Besides the cumulated accounts, the Library and Archives holds other records useful to interpreting the Little and Browne firm. Photograph albums and loose photographs, which the firm apparently compiled, document completed exterior, interior, and landscape designs for several clients. These also include one volume of clippings, presumably assembled by Herbert Browne, and reflect his interest in garden design. The architectural library of Herbert Browne, consisting of approximately 250 late-sixteenth to late-nineteenth-century English language works, with particular strengths in English sources of the classical revival. That this collection was important to Browne, both intellectually and sentimentally, is suggested by the existence of a handwritten catalogue, ornamented with his hand-colored designs. There is also a folio-size album of furniture designs and decorative details, some original, some derived from other sources. Many were custom made for specific clients, and fabricated by specified cabinet makers. Besides sketches (some in color) and annotations, there are some photographs and clippings. The album appears to date from the earliest years of the firm's practice when they were affiliated with George Moore. It is indexed by client's name.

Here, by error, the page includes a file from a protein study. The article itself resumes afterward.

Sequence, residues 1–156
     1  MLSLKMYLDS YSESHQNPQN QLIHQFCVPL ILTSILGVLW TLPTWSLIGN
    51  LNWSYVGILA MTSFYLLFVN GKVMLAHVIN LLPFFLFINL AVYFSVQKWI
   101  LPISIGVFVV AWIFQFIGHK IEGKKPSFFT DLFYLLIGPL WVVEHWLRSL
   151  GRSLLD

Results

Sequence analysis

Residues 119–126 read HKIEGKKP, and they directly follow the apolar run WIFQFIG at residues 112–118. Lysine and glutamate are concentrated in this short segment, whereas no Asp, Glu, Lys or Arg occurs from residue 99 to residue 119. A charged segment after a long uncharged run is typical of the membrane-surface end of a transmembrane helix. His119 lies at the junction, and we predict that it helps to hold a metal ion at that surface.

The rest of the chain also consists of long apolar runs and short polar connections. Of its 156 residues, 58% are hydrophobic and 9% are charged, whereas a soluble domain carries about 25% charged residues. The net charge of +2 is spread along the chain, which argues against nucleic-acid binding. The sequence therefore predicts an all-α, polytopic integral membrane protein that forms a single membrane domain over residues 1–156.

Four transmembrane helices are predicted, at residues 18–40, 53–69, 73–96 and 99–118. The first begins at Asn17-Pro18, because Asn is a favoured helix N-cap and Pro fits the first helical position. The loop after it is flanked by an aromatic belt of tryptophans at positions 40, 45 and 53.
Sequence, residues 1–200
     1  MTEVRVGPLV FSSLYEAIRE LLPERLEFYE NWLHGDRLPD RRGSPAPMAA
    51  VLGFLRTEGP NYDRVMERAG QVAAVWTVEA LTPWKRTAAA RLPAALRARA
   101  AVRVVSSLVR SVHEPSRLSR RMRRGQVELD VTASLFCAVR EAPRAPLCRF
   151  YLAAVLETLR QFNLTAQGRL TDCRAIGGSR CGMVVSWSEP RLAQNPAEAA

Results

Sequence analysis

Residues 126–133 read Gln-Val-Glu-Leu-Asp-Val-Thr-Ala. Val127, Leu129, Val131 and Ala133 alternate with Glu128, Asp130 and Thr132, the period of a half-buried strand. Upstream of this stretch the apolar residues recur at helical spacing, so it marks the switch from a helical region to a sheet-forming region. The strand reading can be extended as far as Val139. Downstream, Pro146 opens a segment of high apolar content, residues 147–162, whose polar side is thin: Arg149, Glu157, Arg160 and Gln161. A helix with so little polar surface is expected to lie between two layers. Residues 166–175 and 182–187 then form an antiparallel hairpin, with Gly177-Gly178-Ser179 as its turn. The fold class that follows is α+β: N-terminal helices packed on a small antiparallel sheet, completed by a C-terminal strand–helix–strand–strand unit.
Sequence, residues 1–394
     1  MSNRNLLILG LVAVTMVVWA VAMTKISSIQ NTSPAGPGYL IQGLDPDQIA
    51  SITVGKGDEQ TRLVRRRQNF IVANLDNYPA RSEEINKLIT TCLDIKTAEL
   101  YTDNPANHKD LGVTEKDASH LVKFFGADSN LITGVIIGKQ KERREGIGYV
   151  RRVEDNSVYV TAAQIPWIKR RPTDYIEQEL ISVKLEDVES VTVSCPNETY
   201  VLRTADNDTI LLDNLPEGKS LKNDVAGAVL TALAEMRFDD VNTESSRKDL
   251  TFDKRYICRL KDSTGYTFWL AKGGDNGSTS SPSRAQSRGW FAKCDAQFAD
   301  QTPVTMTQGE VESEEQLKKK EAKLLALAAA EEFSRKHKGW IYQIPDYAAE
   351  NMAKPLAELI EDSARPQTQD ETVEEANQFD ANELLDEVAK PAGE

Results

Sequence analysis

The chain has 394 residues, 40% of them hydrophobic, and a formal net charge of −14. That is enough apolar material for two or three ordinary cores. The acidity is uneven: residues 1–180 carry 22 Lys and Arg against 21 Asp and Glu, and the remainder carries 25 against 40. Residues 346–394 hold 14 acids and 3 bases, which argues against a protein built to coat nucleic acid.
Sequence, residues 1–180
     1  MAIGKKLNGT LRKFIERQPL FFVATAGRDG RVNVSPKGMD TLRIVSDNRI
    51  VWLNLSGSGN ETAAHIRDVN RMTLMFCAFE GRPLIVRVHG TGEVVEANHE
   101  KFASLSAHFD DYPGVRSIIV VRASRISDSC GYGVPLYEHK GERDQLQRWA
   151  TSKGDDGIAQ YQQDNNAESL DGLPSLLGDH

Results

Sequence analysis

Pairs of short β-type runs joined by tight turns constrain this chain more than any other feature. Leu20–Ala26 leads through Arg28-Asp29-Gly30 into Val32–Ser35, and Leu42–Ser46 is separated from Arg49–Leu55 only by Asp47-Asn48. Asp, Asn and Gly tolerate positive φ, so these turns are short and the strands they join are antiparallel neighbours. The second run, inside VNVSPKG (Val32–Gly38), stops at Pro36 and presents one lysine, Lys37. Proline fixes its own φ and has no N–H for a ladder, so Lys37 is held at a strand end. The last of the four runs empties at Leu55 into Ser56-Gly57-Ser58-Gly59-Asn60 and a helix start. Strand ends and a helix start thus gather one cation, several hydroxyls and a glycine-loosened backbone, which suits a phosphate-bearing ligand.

The Codman Family Papers contain approximately 100 letters from Little to his fellow architect and close personal friend, Ogden Codman, Jr., as well as copies of letters sent by Codman to Little. Dating from the 1890s and early 1900s, these are largely personal in nature, but nevertheless important for their passing reference to architectural subjects and tastes. There is significant overlap in clients between the Codman and Little and Browne architectural practices.
Finally, Kevin Murphey wrote his master's thesis at Boston University in1985 on Arthur Little's connection with the Colonial Revival movement and his subsequent turn towards neo-classical tastes. Associated with this work, there is a small quantity of correspondence from descendants of Little's wife, Jessie Means Little, solicited by Mr. Murphey. Sources: Guide to the Library and Archives; Little and Browne finding aid.